Written by Corbett Smith
Bond of sportsmanship: Plano ISD 'bends over backwards' to aid Allen
Allen appreciates Plano ISD’s willingness to share its stadiums
With Eagle Stadium closed for repairs, Allen’s path to a third straight state football title will be a tad more circuitous — with all of its 2014 season now on the road. But at least the travel won’t be torturous.
Nearby Plano ISD has stepped in to help its longtime district rival, opening the gates of its two stadiums for a few “home” dates for Allen, as well as showing flexibility with the schedules of its three senior high schools.
“It comes down to the kids,” Plano ISD athletic director Gerald Brence said Tuesday. “It’s the right thing to do, and it’s something we can accommodate them with. At the end of the day, we all need to be together. We’re all tough competitors with them, but we try to do this in the name of sportsmanship.”
Instead of six home games, including the season-opening Tom Landry Classic, Allen will play one game at Plano’s Clark Field and two at Murphy’s Kimbrough Stadium. The Tom Landry Classic matchup with Denton Guyer has moved to the University of North Texas’ Apogee Stadium, and home dates with Plano and Plano East have been pushed to the following season, rescheduled as road games. All but two of Allen’s 10 games will be played on Friday nights.
“Not playing at home is not an ideal situation, but we think it’s the best alternative for us,” Allen athletic director Steve Williams said.
Williams had been working on a contingency plan for months, understanding that a lengthy repair process might force the football team out of its stadium for the entire season. A final report on how to fix cracks in the concourse concrete is expected in the coming weeks, with a six- to eight-month timeline for repairs.
Apogee Stadium and the Cotton Bowl were appealing as alternative sites, but in each case the drive was too far, especially for students. SMU was dismissed as a possible venue early on, since its football team does home walk-throughs on Friday evenings and there were additional questions about locker room space.
Allen’s old stadium, which last served as the high school venue in 2011, was also deemed unacceptable, with deficiencies in seating, parking, restrooms and the public address system.
Additionally, Williams said he and his staff didn’t want any problems trying to accommodate season-ticket holders in the old stadium. There aren’t enough seats there — even with 7,000 additional ones from temporary bleachers — to meet the demand from season-ticket holders.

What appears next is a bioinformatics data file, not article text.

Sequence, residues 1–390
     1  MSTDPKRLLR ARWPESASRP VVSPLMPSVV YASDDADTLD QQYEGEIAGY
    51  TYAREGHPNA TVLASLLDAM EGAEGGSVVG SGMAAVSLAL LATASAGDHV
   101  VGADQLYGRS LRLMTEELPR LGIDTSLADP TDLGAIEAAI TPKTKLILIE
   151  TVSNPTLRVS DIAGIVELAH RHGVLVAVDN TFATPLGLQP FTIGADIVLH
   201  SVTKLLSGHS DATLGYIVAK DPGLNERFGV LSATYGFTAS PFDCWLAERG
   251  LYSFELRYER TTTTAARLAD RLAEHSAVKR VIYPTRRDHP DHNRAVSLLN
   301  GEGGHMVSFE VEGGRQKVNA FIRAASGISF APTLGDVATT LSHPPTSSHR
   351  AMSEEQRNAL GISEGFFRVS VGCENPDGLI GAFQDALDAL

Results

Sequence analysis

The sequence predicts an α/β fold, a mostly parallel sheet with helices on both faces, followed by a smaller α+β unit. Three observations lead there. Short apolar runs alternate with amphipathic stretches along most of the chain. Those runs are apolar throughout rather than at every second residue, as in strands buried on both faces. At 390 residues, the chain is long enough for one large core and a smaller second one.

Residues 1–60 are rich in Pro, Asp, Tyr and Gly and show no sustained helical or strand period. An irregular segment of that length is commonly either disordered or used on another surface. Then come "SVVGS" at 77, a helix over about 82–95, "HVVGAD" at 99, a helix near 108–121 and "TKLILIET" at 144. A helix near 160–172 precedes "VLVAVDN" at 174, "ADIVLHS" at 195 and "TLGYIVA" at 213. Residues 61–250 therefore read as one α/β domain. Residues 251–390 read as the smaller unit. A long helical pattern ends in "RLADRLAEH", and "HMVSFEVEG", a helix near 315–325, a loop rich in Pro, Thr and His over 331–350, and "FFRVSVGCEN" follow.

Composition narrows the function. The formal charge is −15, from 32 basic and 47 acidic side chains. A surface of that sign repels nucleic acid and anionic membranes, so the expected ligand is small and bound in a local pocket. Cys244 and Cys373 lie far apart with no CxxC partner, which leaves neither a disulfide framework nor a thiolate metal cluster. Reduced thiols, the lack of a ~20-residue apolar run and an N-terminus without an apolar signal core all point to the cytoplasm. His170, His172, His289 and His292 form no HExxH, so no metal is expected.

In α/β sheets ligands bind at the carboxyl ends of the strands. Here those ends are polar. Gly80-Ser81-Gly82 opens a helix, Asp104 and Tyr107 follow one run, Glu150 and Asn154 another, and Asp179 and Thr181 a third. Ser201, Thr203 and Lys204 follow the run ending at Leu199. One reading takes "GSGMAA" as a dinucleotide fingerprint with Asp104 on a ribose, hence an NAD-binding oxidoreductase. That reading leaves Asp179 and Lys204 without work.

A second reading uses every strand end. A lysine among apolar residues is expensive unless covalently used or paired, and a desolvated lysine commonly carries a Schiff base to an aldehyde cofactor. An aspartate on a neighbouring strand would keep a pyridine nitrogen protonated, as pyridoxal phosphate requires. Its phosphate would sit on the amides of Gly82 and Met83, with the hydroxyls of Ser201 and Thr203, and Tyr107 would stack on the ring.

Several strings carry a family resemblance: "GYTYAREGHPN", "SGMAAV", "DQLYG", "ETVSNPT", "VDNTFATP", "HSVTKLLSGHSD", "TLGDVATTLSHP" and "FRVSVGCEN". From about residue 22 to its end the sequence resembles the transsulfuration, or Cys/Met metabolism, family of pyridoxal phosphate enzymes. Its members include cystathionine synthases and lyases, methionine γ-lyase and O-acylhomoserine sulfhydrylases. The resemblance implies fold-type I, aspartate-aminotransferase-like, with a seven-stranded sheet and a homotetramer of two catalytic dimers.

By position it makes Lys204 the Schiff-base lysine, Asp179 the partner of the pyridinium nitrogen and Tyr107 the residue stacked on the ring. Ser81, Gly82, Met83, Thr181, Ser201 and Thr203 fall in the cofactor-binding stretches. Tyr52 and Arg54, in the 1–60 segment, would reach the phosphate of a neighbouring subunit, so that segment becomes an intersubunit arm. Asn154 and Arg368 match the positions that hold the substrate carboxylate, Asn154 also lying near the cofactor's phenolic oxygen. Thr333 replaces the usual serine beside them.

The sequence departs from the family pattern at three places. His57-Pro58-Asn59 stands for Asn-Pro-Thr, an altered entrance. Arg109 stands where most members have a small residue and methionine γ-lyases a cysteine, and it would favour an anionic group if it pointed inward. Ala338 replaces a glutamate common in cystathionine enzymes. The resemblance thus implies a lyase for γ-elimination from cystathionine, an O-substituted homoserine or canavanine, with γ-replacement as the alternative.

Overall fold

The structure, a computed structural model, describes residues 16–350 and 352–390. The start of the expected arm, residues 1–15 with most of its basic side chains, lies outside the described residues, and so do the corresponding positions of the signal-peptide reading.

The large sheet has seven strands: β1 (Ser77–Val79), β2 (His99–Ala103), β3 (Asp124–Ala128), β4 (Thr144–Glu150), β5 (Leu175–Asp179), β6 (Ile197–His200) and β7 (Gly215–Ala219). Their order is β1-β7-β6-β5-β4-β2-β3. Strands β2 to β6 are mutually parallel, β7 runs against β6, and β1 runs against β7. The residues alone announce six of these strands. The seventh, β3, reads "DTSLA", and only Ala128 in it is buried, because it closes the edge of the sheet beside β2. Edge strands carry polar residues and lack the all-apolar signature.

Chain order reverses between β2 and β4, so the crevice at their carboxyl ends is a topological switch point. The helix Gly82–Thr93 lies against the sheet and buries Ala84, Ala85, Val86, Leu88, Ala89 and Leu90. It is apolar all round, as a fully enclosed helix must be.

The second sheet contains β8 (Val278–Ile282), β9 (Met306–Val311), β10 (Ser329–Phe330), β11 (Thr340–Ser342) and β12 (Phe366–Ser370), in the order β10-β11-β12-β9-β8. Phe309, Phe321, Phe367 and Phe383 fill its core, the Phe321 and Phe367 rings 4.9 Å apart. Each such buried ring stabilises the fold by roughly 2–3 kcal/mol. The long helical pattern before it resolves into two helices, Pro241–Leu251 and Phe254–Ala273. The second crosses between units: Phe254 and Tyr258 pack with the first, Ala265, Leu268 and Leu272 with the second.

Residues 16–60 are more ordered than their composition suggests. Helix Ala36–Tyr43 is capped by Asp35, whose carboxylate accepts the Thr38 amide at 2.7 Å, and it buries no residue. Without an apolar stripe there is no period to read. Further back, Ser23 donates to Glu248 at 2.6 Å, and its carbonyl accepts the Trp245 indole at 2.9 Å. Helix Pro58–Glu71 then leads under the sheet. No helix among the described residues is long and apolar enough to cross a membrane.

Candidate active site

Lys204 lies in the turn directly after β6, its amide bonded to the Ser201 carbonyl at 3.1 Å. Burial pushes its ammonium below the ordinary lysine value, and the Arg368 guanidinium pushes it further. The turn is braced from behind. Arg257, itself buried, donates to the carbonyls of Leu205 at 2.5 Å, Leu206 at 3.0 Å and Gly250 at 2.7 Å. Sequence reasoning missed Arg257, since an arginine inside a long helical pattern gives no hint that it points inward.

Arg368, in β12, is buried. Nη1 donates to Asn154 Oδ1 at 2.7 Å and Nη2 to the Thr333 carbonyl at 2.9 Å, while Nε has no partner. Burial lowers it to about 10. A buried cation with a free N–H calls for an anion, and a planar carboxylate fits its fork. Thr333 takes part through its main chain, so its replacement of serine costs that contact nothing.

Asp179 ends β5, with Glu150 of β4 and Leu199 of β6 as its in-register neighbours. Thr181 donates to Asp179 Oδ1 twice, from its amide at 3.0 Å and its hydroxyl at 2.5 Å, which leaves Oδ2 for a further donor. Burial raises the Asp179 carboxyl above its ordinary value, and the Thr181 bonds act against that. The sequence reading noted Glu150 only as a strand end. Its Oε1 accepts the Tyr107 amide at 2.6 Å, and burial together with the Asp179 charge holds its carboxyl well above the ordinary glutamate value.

“It wasn’t a good situation for us,” Williams said.
Instead, Williams and his staff focused on Plano. Allen will pay $5,300 in rent for each of the three “home” games, with Plano keeping the concession revenue. Tickets will be general admission.
“They bent over backwards to make this work for us,” Williams said. “We don’t have anything but respect with the way they helped us out in a bad situation.”
The Tom Landry Classic, a season-opening doubleheader that moved to Eagle Stadium in 2013, also had to be rescheduled. The other game in this year’s showcase — Highland Park vs. Frisco Centennial — will be played at SMU’s Ford Stadium on Saturday, Aug. 30.
Kris Cumnock, executive director of the Tom Landry Classic, said he expects the games to move back to Eagle Stadium in 2015.
On Tuesday afternoon, Allen football coach Tom Westerberg talked with his players about the scheduling upheaval.
“I told them about not worrying about things you can’t control,” Westerberg said. “People like Arlington Martin get on a bus and drive every Friday night to a game because they don’t have a stadium on their campus. We’re in the same boat as all those guys are across the metroplex.”
Williams said that he was most disappointed for Allen’s seniors, who won’t get the typical Senior Night or Homecoming.
At least one of those seniors-to-be, Allen offensive lineman Cody Wheeler, didn’t seem too troubled.
“We’re gonna ball regardless,” Wheeler tweeted.
Matt Wixon contributed to this report.